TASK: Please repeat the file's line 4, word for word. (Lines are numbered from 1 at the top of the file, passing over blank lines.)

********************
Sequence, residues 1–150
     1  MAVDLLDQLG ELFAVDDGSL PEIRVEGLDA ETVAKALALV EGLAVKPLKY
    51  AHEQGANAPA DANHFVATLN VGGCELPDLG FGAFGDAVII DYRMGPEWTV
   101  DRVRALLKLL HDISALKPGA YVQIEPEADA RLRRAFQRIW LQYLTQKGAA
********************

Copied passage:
   101  DRVRALLKLL HDISALKPGA YVQIEPEADA RLRRAFQRIW LQYLTQKGAA